Sunday, 29 September 2013

Iceman Polar 2014 - guiding available

The Worlds Toughest Arctic School Race
13th - 25th April 2014

Bordering the world’s largest frozen fjord and the world’s largest National Park competitors will endure challenging sub zero temperatures in this most beautiful and remote region of the high arctic. Hurry Fjord, the spectacular Liverpool Land mountains and Greenland’s most remote village of Ittoqortoormiit form the backdrop to a new concept in extreme adventure racing.

This landmark backcountry nordic / alpine ski race will mark the beginning of a new series of Greenland challenge events and extreme endurance races and test the skills and commitment of pioneer adventurers over two gruelling multi day routes. An extreme sports event, adventure race and endurance challenge of the highest calibre involving backcountry skiing, cross country and nordic ski racing.

I've now completed four expeditions to Liverpool Land in summer and winter including a 3 week self supported traverse of the peninsula from north to south. If any teams are interested in being involved in this unique and innovative event but lack the experience and skills to safely participate then please contact me if you'd like the support of a guide for the race and your preparations.

Tuesday, 24 September 2013

Down kit for sale

Couple of items of down kit for sale. Please get in touch if you're interested and I'll put you in contact with the seller. Both items are in excellent condition having only been used on a couple of occasions. 

 Millet Connect Everest Jacket   XSmall £300 (£600 new)

Rab Summit 1100   £200

Monday, 23 September 2013

Scottish Winter Mountaineering & Climbing courses

Learning to lead on Golden Oldie (II) on the West Face of Aonach Mor

A few photos to whet the appetite for the forthcoming Scottish winter season. I'll be working my 9th season running winter mountaineering and climbing courses from Fort William and Aviemore. Please get in touch if you fancy a wee adventure...

Enjoying the delights of a bucket seat belay!

Bad weather arriving on the Cairngorm plateau

The 4 star Curved Ridge (II) in Glencoe

Digging snow holes on a character building day!

Steep mixed climbing on Fingers Ridge (IV 4) in Coire an t-Sneachda

Ski mountaineering on Ben Nevis prior to a 1300m descent

 Topping out on Green Gable in the Lake District

Enjoying the sunshine on a classic mountaineering day

Curved Ridge (II) under heavy snow conditions and a blue sky

The stunning Smith's Route (V 5) on Ben Nevis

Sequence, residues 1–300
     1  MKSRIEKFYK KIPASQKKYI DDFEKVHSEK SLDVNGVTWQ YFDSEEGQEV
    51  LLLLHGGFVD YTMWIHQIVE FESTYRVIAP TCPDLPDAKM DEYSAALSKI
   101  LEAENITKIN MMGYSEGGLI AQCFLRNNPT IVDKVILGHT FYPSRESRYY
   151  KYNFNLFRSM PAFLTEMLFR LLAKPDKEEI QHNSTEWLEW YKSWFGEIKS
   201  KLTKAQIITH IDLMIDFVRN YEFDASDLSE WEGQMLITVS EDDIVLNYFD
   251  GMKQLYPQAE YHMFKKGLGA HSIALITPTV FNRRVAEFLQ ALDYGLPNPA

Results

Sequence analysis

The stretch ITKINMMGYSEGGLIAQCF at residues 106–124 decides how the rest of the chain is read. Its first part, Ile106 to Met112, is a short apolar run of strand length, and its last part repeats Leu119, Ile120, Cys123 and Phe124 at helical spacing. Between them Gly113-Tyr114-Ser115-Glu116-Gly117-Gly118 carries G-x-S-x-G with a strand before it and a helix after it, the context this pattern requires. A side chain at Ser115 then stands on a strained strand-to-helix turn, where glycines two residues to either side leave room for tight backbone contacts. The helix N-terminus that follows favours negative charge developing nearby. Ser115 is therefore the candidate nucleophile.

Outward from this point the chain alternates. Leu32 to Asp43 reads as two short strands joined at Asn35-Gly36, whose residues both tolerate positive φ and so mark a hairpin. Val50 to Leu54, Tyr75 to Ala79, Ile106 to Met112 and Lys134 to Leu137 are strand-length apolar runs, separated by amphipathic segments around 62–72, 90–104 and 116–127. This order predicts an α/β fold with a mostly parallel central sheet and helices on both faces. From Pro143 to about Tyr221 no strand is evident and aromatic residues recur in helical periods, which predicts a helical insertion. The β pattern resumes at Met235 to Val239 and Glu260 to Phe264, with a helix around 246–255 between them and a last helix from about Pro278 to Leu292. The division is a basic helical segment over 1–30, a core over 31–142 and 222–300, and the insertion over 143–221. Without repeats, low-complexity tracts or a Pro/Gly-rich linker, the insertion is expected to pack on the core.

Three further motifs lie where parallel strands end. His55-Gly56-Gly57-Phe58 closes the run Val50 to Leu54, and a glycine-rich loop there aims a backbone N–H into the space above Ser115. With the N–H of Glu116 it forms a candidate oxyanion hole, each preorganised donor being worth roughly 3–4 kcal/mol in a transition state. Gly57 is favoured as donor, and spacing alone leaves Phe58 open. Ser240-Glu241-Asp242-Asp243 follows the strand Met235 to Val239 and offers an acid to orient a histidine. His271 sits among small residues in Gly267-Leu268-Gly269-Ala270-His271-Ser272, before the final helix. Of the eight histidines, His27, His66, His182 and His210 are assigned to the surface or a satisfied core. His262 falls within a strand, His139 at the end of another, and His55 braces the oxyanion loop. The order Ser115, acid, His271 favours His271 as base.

Descending to Fort William after a big day on the Ben

Sunday, 15 September 2013

BMC Rescue For Climbers Course

 Assisted Z Hoist

This weekend I've been running a Rescue For Climbers course with Nick Jones (More Than Mountains) as part of the BMCs Club Training Program. We were based at the MAM Glan Dena Hut in the Ogwen Valley which gave us plenty of options within walking distance. Saturday was spent on Milestone Buttress enjoying the sunshine after a few early showers dried out.

We began the day with a mass ascent of Pulpit Route (VD) to fine tune the groups belay building, stance management and generally be proactive in avoiding problems in the first place. A self protected abseil descent allowed everyone to experience extending the abseil device away from the harness and the many advantages this brings. Back at the base of the route we began to look at the building blocks of improvised rescue including escaping the system, assisted and unassisted Z hoists and solving common problems in a single and multi pitch scenario.

MWIS were forecasting torrential rain and strong winds for Sunday and they were spot on. Well wrapped up in our waterproofs we braved the waterfalls on Tryfan Bach to play with prussicking, accompanied abseils and lowering past a knot. A couple of scenarios to work through stretched the grey matter before we retreated to the hut for tea and medals. A final debrief in front of a roaring log fire pulled it all together but fingers crossed none of the group will ever have to use any of these techniques.

A huge thanks to Mike from MAM for looking after us very well. The vat of tea and log fire when we returned from the crag as drowned rats was very much appreciated!

 Mass ascent of Pulpit Route (VD)

 The Ogwen Valley.

Accompanied abseil with an injured (& wet) climber.

Thursday, 12 September 2013

Scugdale bouldering

Just had a quick trip to Scugdale for a spot of bouldering with photographer John Pickles. Plenty more stunning black and white photos on his website. Great to get some mileage under my belt after a few months concentrating on the running. Managed to avoid the rain and get plenty of short solos done with the sun even making a short appearance in the afternoon.


Monday, 9 September 2013

Courmayeur - Champex - Chamonix

So with the fatigue fading from my legs and new skin growing on my feet its time to have a look back at my experiences at The North Face sponsored CCC. I arrived late in Chamonix with only an hour of registration left so I stuffed some kit in my race bag and headed off. The queue facing me stretched out the door and a time of two hours was being quoted! A sneaky short cut for CCC runners was opened up and the rest of the process was fairly painless.